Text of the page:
Highways England has awarded Amey a 15-year Specialist Bridge Inspection and Maintenance contract worth £16m a year.
From the end of November, Amey will maintain three major structures in the South West – the M4 Prince of Wales Bridge, M48 Severn Bridge (pictured) and M5 Avonmouth Bridge – including structural inspections, routine maintenance and major renewal schemes.
The award follows an 18-month procurement and tender process.
The two Severn crossings came back under public control in January 2018 and responsibility for maintaining both bridges transferred to Highways England from the consortium that built the M4 crossing under a design, build, finance and operate contract.
Highways England Operations Director Nick Harris said: ‘Partnerships like this will help maintain high standards on the three large bridges in the South West.
‘By working more closely with our supply chain who carry out maintenance, we will be able to work more effectively, identify innovative ways of working and provide the best possible quality of service to road users.’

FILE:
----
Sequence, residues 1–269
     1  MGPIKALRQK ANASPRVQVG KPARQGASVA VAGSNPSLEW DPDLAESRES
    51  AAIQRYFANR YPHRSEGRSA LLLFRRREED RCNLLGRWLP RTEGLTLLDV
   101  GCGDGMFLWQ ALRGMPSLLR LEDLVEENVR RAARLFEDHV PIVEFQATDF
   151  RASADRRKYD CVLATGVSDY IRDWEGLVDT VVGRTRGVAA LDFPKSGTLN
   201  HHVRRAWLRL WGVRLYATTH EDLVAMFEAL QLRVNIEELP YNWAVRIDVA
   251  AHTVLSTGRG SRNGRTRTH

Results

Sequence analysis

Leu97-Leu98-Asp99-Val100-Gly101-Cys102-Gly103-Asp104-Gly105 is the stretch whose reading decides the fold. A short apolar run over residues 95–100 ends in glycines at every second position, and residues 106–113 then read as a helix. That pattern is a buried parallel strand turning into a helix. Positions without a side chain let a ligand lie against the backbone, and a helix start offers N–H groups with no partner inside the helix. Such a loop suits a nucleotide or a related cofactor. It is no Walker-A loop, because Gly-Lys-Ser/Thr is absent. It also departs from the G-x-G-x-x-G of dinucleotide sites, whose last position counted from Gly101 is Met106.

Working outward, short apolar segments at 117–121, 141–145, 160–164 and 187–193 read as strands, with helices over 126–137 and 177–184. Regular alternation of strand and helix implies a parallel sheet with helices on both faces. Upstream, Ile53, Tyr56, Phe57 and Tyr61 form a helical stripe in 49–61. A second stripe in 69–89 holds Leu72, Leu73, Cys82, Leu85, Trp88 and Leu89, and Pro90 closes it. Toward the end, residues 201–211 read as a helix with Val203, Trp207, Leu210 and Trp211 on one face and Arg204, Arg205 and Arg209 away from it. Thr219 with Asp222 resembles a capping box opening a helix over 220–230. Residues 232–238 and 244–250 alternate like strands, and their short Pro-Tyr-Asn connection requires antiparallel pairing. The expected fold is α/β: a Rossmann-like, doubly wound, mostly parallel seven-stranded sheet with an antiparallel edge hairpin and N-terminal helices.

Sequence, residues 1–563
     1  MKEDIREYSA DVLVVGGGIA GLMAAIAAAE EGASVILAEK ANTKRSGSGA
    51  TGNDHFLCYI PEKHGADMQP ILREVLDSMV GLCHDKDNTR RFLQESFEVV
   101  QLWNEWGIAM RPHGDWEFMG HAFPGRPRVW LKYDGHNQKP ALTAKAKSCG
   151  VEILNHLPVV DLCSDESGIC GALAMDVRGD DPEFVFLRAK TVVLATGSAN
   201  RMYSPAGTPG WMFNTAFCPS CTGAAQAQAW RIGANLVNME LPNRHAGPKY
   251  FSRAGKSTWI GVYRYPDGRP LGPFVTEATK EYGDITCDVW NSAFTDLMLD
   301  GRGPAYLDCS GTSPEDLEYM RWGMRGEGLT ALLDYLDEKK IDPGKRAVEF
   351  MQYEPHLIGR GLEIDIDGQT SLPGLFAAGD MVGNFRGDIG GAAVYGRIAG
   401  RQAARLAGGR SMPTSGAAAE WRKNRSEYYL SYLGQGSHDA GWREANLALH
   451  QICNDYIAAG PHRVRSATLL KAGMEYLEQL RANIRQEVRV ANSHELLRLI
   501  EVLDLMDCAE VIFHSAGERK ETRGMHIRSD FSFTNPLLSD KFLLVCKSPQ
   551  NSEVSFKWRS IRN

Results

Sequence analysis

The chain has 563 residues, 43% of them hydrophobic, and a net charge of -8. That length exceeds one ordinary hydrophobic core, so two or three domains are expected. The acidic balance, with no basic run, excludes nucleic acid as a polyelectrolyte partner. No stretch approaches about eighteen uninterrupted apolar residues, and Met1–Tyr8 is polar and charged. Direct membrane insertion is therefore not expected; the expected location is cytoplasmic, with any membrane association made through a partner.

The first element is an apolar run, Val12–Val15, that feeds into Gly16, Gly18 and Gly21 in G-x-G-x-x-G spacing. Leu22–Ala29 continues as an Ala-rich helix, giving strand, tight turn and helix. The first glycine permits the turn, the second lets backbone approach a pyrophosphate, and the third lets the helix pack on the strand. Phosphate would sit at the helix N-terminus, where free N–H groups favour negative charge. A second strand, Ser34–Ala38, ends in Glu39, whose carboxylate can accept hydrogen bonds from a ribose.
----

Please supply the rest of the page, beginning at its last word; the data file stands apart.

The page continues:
As part of the contract, Amey will become a member of the South West Asset Delivery Community.
The firm currently manages the Forth Bridges Unit on behalf of Transport Scotland. From 16 August, responsibility for these bridges will pass to Bear Scotland as part of the South East regional trunk road contract.
Peter Anderson, managing director for transport infrastructure at Amey, said: ‘Amey will bring a wealth of innovative operational solutions and capabilities regarding bridge infrastructure, which has been recognised by Highways England, through our work on the Forth Road Bridge amongst other structures across the UK.’
Highways England described the structures as each having its own unique characteristics and structural complexities.
While the M5 Avonmouth Bridge spans 1,400 metres, the M4 Prince of Wales Bridge comprises three structures: the Avon Viaduct (2,100m), Cable Stay (948m) and Gwent Viaduct (2,077m).
The M48 Severn Bridge, a suspension bridge covering 1,600 metres of the strategic road network, has the second highest tidal range in the world at 14.5 metres.